By Dovid Zaklikowski for COLlive and Hasidic Archives
It was 1975, and Rabbi Jacob J. Hecht, the dynamic director of the National Committee for the Furtherance of Education (NCFJE), was preparing to travel to London for the wedding of his son Yossi to Raisy Adler. When he informed the Rebbe of his upcoming trip, the Rebbe gave him several missions to fulfill while he was in the city.
Rabbi Hecht was a warm, enthusiastic and loveable man. The English, on the other hand, were known for their reserved nature. “Try to internalize the American warmness, and remove the English coldness,” the Rebbe told an English student who asked how to fit in at the American school he was attending.
To encourage Rabbi Hecht in his missions, however, the Rebbe chose to focus on the positive attributes in the national character, recalling a story he had read in a report written by a Chabad representative in London four years earlier:
In 1972, Rabbi Aron Dov Sufrin, then-director of education at the Lubavitch House Schools, had a vision that the students should create an exhibit on Jewish history and life. He recruited many of the local Jewish day schools to participate, and the students put together a cutting-edge exhibition in the Lubavitch House hall.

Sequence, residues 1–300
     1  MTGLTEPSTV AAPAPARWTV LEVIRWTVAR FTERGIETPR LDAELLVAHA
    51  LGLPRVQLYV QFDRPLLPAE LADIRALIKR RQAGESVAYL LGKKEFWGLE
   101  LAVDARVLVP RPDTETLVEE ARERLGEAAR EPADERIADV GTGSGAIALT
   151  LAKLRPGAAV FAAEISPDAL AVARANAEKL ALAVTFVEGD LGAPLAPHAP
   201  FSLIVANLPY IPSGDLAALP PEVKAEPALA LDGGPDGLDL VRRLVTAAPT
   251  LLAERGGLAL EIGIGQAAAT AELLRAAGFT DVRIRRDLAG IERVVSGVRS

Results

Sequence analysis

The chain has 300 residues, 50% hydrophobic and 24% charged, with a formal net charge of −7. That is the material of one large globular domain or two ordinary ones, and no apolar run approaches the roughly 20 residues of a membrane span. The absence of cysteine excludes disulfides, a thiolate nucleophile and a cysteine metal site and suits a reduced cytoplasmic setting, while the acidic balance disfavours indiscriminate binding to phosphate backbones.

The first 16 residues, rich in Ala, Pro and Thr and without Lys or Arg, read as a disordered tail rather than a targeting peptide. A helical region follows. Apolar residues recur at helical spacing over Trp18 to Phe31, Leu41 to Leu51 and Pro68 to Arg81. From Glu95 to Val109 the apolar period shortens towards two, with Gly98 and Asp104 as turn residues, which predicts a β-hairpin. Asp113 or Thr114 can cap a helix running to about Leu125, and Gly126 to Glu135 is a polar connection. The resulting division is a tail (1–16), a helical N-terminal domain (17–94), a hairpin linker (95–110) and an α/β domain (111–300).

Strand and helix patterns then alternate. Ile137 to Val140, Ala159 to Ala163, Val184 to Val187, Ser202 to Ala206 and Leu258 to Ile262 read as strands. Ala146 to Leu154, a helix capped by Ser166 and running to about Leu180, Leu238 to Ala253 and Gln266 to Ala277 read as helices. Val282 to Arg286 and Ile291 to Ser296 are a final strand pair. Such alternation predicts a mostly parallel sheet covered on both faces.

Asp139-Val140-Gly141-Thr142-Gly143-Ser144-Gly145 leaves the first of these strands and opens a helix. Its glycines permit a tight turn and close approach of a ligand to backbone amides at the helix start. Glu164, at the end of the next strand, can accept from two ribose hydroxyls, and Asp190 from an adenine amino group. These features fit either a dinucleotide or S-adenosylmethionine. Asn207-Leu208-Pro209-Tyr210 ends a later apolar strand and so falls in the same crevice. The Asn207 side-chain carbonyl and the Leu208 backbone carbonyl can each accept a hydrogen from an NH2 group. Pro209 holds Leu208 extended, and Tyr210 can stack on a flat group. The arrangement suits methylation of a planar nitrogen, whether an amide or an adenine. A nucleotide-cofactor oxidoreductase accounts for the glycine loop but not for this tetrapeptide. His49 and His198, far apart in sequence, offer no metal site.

As a guest of honor for the grand opening, Rabbi Sufrin invited Lady Margaret Thatcher, then minister of education and science, and later prime minister. For two hours, the minister toured and listened to the students’ detailed explanations of the exhibits.
The exhibit included a large screen with a slideshow depicting the daily life of a young Jewish girl. It started with the girl waking up, reciting the prayer thanking G-d for returning her soul, washing her hands and then getting dressed in modest clothes that covered her knees and elbows.
The minister, who wore a sleeveless blouse, immediately took note. She asked her assistant to get her jacket from the car and wore it for the remainder of the visit.
While one could dwell on their negative qualities, the Rebbe told Rabbi Hecht, what truly optimized the English was their respect for others.